Ole is another beautiful release in the Essential Magic Collection series featuring the unique magic of Spanish magician Juan Luis Rubiales. Like many of these releases it is a 4-DVD set, and is so full of content (4 discs, 9 hours, 34 routines!) that we’re going to spread the review out over 2 parts (you can read part 2 here). So we’ll crack on with Disk 1 and 2.
Ole Disk 1 Parlour Magic
This first DVD contains routines suitable for a semi-staged or parlour setting. I’ll run through the effects and some comments (I’ve noted where they are ‘studio’ performances rather than live ones).
Bill Coincidence – a borrowed banknote is folded up and left to one side. A spectator shuffles a deck of cards face up and face down making lots of choices on the way. At the end of this process all the face down cards are removed from the deck and placed in a glass. They then turn out to reveal the serial number from the bank note. Nicely routined – easy to do (owing a lot to a John Bannon routine) – and some thoughtful presentational touches.
Bread Deck – fun comedy effect where you ask a spectator to treat a loaf of bread as if it is a deck of cards. After a lot of fun you reveal the card the spectator has selected. This is mainly about the fun not the magic. And although it is ‘easy’ to do it will require good spectator management and presentation skills to sell this one.
Three Fly Cookies – You can probably guess what this one is about. 3 cookies (biscuits) travel one by one from one hand to the other. It’s crazy – but in his hands it works!
Fished Card – This is the classic ‘Lasooing a card’ effect with an initial series of rope tricks and a comedy finish. Don’t look here for a radically new method – but learn from a great presentation – which makes some sense of why you would perform the trick in the first place. Oddly the last part of the explanation went into Spanish.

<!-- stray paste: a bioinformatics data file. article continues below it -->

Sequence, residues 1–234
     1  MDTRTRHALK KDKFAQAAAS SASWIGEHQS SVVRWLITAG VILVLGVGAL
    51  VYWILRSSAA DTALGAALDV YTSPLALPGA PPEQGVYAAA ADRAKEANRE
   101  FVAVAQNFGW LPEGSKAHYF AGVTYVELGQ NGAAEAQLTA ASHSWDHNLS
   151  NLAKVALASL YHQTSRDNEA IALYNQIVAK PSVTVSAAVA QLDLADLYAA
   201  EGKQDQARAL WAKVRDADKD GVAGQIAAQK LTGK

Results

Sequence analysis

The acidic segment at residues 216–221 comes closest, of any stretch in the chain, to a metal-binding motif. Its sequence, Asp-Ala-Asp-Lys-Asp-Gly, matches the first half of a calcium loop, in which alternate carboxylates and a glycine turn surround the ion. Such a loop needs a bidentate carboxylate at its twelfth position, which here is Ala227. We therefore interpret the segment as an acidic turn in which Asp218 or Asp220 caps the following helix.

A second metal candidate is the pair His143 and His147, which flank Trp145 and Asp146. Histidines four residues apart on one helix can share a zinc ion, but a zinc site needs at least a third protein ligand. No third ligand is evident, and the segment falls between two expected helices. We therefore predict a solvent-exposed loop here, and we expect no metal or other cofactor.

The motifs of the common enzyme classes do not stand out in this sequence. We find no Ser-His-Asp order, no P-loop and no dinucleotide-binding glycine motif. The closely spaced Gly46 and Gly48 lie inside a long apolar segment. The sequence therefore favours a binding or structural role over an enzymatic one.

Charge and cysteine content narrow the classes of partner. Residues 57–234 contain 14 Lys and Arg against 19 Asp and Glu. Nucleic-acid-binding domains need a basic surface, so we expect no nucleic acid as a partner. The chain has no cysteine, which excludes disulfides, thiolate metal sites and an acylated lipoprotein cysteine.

Invisible Deck (studio performance). Starts with a ‘standard’ ID style routine but ends in a quite different place – where you produce the single card (i.e. not the deck) from your pocket. There are a few nice subtleties here, but the method feels a bit clunky to me. On the other hand you do only require a normal deck.
Card in Balloon (studio performance). As with the Fished Card, I really like the way his presentation justifies the use of the balloon. There’s a lot to be learnt from the way he’s thought about these things. It is a very short explanation but covers all that is necessary.
Forget and Remember – studio performance – this is a slightly drawn out performance for my style (but the Spanish invented the Siesta – so I probably need to learn from them right?!). But in essence two spectators look at a different card each, and then apparently forget the name of their card. Then one spectator remembers the card that the other spectator has chosen and is actually sitting on! And in a final phase the spectator apparently forgets all that has happened in the previous section! Quirky, but not really my kind of thing. But a great example of taking a fairly simple procedure and making a feature out of it.